|Church - Kastania|
Epiphany, January 6th, in Greece is also known as Theofania or Fota. Sometimes it it called Little Christmas or Three Kings Day. It, along with Easter, is one of the most sacred holidays in this new adopted country of ours. More than 90% of the country’s population (statistically, speaking) belongs to the Greek Orthodox Church.
|Villagers began gathering early at the cafes along the harbor|
By the time we got to town – shortly after 10 a.m. the village cafes along the harbor (those that are still open this winter, that is) were filling rapidly because the harbor is center stage on this day. The Greek church's Blessing of the Water commemorates the baptism of Jesus by John the Baptist in the River Jordan and the manifestation of the Holy Trinity on this date.
|The harbor takes center stage on Jan. 6th|
Settling in for a coffee at one of the cafes we waited for the church bells to announce the processional that would make its way to the harbor. The bells rang out. . .and from the village church just around the corner, they came. . .
|Off to Bless the Water in Agios Nikolaos|
We stood as small group made its way to the harbor. . .
|The blessing begins|
. . .then we shutterbugs clustered around the dock where the blessing would take place. Many of us left our tables at the cafes – no worries about ‘paying before you leave’ as they knew the patrons would return at the ceremonies end.
While across the harbor only two young villagers were brave enough to jump into the frigid water to retrieve the cross tossed into it as part of the blessing ceremony. There were dozens of swimmers in the village up the road but not here this year.
|Who will get the cross and be blessed the rest of the year?|
The blessing was read and the cross readied. . .
|Blessing of the Water - 2017 Agios Nikolaos|
Then. . . splash! The cross was tossed and retrieved in a ceremony that has been repeated throughout the decades in this small village in the Peloponnese. What a joy to be able to experience it.
|And who got the cross?|
The one who retrieves the cross is considered blessed for the rest of the year. He carries it through the village – donations are made (which we were told he got to keep) and the festivities came to an end.
|Blessing of the Cross - 2017 - Agios Nikolaos|
Saturday morning returned to its normal routines. As we set about our errands, I couldn't help but smile because this morning was one of those that helps answer the question I asked in last week’s post, “Why did we want to move here anyway?!?!”
Again a Kali Chronia to you all ~ Happy New Year wishes to you all. Thanks so much for the time you spend with us!! Safe travels to you and yours ~ Hope to see you here next week.
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What an interesting ritual you have shared. We had never heard of this happening before, but your article detailed it very well. Thanks for sharing this fun event, and the beautiful photos that help tell the story.ReplyDelete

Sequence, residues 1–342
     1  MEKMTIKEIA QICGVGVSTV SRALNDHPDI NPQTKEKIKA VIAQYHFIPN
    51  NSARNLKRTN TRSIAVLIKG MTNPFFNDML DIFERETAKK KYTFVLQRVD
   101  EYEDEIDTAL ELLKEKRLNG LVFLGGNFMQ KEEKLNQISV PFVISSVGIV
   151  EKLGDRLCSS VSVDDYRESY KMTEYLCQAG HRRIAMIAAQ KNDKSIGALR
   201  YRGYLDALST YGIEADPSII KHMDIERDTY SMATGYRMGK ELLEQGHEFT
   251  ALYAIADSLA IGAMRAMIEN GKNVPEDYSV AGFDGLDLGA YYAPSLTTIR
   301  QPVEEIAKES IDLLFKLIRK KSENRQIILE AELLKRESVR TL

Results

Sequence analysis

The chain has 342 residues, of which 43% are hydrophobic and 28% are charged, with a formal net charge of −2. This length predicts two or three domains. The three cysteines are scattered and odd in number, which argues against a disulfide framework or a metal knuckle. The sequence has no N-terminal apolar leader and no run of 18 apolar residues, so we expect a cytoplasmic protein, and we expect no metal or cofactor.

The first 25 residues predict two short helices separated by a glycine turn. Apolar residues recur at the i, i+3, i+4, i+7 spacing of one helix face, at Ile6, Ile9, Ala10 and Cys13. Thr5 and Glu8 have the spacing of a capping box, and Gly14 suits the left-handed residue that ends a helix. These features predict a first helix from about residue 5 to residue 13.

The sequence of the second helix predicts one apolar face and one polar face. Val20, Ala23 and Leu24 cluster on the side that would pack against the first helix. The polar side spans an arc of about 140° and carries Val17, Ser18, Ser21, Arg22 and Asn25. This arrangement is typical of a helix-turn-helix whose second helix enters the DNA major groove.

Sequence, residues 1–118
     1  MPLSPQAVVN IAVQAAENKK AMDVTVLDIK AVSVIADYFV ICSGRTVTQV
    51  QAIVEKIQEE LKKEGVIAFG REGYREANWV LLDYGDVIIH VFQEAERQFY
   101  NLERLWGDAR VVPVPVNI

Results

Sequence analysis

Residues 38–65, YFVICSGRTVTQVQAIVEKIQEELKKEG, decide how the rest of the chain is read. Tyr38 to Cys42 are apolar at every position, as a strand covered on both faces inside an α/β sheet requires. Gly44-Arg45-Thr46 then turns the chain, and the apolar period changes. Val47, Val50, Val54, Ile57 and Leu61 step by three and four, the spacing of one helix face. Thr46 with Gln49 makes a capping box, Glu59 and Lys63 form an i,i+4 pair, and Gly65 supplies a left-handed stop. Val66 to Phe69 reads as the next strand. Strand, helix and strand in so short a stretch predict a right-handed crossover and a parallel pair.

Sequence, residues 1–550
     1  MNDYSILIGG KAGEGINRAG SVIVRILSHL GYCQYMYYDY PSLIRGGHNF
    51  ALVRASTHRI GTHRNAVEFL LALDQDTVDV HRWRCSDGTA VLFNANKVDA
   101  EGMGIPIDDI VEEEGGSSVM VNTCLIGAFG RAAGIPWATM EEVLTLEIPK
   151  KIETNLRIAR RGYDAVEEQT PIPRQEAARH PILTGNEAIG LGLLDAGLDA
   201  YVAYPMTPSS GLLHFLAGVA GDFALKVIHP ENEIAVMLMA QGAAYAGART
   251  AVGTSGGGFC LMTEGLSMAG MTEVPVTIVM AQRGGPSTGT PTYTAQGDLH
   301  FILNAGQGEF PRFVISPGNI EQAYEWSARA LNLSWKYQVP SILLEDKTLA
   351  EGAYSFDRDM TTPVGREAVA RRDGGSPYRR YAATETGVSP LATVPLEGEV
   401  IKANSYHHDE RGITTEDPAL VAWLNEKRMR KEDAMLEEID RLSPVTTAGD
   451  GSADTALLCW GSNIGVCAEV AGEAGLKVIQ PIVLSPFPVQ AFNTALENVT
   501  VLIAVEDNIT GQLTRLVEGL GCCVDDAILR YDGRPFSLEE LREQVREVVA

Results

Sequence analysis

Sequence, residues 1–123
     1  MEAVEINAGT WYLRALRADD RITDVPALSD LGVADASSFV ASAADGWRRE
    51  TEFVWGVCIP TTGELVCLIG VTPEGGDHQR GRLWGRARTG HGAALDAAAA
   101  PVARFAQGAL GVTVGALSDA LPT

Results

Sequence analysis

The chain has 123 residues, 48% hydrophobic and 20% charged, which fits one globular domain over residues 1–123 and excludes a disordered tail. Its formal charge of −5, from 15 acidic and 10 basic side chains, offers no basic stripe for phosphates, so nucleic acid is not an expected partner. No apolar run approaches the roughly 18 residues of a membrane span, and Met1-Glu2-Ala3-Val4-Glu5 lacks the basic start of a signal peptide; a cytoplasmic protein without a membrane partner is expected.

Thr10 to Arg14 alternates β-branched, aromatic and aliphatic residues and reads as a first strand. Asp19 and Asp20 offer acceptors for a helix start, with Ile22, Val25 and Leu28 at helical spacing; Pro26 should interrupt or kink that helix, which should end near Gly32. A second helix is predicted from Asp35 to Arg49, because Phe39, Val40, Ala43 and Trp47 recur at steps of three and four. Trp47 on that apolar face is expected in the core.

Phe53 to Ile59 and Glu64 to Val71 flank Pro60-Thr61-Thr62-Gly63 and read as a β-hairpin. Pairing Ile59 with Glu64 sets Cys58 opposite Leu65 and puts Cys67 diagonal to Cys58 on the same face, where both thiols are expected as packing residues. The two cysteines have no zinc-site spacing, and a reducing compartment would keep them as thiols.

Glad you enjoyed this annual ritual in our adopted village. Thanks for the visit!Delete
I never heard about the part where the retriever of the cross gets donations. Nice! The brave young man is off to a good start on his blessed year.ReplyDelete
Yep, my first time to see a crucifix on a silver platter surrounded by coins of the realm.
Great that you are there to experience all the richness of the customs of Greece and Orthodoxy.
We feel blessed to be in an area of such cultural diversity. Just last week we attended an Albanian festival - learning so very much!!Delete
What a nice start to your Saturday. I'd not heard of the Blessing of the Water before. It is interesting to discover the rituals in different places.ReplyDelete
It really is a treat to be surrounded by so much culture -- sometimes feel like Alice in Wonderland!Delete
The Blessing of the Water sounds like a fascinating ritual. It is always such as privilege to be able to share in these local customs.ReplyDelete
Absolutely in agreement with that! We are blessed to be able to live 'differently' for awhile and learn about life elsewhere in the world.Delete
Love his beaming smile :-) What a delightful tradition to witness.ReplyDelete
And he was beaming - that is for sure!!Delete
So glad you have an answer to the "why did we want to move here anyway" question as this tradition is indeed one that would never lose its appeal for new and old residents. However, the ante would have to be a lot higher to make me think about jumping into the water for any kind of blessing!ReplyDelete
I agree - nothing would have gotten me into that water!!Delete
What a great tradition. I've never heard of this before. I hope the kid makes bank :-). I don't swim so l can't participate haha!ReplyDelete
I suspect I could save myself, but I am with you: not a swimmer! Prefer my 'water sports' to be from the sideline!Delete
What a wonderful tradition an a fabulous place that you live.ReplyDelete
We are loving the learning curve here!Delete
Epiphany - Blessing of the Water - is a ritual new to me. Very interesting. I always enjoy reading about your discoveries in your new found home!ReplyDelete
Thanks Marilyn for stopping by - we never tire of learning all the new 'stuff'!Delete
Very cool photos!ReplyDelete
Thanks for sharing at https://image-in-ing.blogspot.com/2018/01/a-few-feathery-visitors.html
This is a great inside glimpse of the tradition. Thanks for sharing these photos. It's one thing to read about it but another to see it in person, for sure.ReplyDelete